How to Prevent Smishing

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Smishing is a type of phishing that has been around for a long time but has become more prevalent and dangerous in recent years. We’re taking a look at what a smishing text is and how to prevent smishing from being dangerous to you.

What Is A Smishing Text?

Most people have heard of phishing scams. Phishing is when a cybercriminal sends you an email trying to tempt you to click on a link and enter some personal details or click on an attachment to infect your computer with some type of malware. Smishing is very similar to phishing, but rather than emails, it involves text messages. We’ve already taken a look at how to spot phishing emails, and the steps are very similar for spotting smishing texts. Cybercriminals send text messages to your phone to try and tempt you to click on a link. Unfortunately, when you click on the link, it’s the same as phishing – you will be lured into entering personal information so criminals can steal money from you. This is why it’s dangerous and why it’s so important to know how to prevent smishing.

Rise In Popularity

There has been a huge rise in the number of smishing attempts in recent years. To understand why, you have to look at SMS messages’ read and response rates compared to emails.

According to Gartner, 98% of text messages are read, and 45% receive responses. Comparatively, email open rates are relatively low, averaging around 20%. This makes the overall results of a phishing campaign relatively low-performing, whereas a smishing campaign can be much more successful.

Where there is a weakness, cybercriminals will take full advantage. We’ve seen plenty of smishing attempts pretending to be COVID-related, as well as texts from banks, courier services and payment portals like PayPal.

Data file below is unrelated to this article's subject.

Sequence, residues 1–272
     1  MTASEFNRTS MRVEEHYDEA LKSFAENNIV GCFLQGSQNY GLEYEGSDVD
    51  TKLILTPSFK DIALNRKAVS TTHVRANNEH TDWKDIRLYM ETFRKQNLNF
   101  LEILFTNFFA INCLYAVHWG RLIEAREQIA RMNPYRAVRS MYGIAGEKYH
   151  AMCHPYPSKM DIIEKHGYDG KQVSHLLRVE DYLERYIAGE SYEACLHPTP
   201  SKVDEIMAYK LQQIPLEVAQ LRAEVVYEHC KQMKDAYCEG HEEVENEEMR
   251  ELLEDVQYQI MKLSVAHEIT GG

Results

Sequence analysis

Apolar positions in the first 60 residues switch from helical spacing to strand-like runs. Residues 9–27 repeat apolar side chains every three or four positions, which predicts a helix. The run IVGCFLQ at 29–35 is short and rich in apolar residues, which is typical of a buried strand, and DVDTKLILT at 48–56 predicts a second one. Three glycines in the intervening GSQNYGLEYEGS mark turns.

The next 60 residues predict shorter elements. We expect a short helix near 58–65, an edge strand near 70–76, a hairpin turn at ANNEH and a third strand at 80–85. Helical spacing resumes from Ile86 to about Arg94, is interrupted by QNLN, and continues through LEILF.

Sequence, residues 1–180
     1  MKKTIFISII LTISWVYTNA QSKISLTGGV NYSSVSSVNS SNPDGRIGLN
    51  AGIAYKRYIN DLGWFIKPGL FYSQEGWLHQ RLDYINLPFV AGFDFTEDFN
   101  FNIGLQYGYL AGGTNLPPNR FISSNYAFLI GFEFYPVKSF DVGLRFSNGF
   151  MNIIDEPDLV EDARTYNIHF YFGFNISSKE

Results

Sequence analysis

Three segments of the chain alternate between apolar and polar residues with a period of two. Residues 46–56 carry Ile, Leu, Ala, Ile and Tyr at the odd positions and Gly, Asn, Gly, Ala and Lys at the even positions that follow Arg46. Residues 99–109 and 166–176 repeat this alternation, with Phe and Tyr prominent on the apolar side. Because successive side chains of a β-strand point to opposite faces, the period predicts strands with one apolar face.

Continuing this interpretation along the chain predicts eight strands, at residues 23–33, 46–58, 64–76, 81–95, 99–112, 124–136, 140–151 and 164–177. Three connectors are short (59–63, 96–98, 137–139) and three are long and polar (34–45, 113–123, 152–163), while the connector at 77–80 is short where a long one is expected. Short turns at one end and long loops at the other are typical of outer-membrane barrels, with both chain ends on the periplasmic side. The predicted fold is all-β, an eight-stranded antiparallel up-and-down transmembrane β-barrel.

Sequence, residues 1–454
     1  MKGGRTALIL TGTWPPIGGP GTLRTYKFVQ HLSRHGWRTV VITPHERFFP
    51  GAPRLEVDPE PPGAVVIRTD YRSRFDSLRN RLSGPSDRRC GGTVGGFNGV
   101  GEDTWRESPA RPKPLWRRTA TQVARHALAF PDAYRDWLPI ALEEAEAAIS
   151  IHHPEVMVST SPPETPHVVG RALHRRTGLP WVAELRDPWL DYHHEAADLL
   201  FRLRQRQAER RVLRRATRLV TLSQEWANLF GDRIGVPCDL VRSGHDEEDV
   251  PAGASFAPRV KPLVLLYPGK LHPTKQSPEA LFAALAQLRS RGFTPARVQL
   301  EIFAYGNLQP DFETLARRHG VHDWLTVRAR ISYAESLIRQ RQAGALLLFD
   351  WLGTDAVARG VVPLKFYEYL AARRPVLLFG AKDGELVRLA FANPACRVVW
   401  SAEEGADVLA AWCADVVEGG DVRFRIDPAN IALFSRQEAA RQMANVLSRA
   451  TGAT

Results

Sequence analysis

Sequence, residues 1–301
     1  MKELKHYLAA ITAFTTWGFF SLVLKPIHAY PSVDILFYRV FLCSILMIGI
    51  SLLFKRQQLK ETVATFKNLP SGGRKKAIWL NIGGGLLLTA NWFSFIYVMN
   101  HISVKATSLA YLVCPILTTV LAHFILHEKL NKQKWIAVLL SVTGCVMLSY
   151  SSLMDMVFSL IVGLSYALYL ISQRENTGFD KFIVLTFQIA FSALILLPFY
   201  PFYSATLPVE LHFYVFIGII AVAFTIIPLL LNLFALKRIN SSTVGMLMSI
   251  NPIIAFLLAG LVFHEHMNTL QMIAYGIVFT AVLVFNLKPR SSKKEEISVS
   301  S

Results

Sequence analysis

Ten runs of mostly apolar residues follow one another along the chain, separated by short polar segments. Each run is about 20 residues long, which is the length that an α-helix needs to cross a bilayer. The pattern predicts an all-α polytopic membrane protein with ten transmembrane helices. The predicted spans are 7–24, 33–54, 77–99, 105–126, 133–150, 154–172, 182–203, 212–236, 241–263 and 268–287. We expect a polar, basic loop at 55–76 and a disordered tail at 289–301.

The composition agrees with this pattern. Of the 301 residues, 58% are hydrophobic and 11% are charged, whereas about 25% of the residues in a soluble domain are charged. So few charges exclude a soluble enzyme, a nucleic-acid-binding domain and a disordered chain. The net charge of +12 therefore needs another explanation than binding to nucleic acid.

Can you really learn how to prevent smishing? No, not really – like email phishing, it’s really hard to stop the messages coming through completely. The important part of smishing prevention is to educate yourself on how to handle them so that they can’t scam you.

For more security tips, check out our previous blog posts on easy cybersecurity tips you can implement and cybersecurity for remote workers.

1.    Don’t Click on Any Links

The first tip for how to prevent smishing is to take a breath and not rush into clicking onto any links. These text messages are designed to make you want to click and fast. Many of them tell you that if you don’t act quickly, you’ll lose money or that you’ve been hacked, because those are most likely to make us panic. However, if you take your time and look at the content of the message and, in particular, the link itself, you will soon know that it’s a scam.

If you have already clicked a link and entered personal information, such as bank details or password information, then you must act quickly. Phone your bank or change your password for any applications that may have been or might still be compromised.

Text example

2.   Don’t reply to messages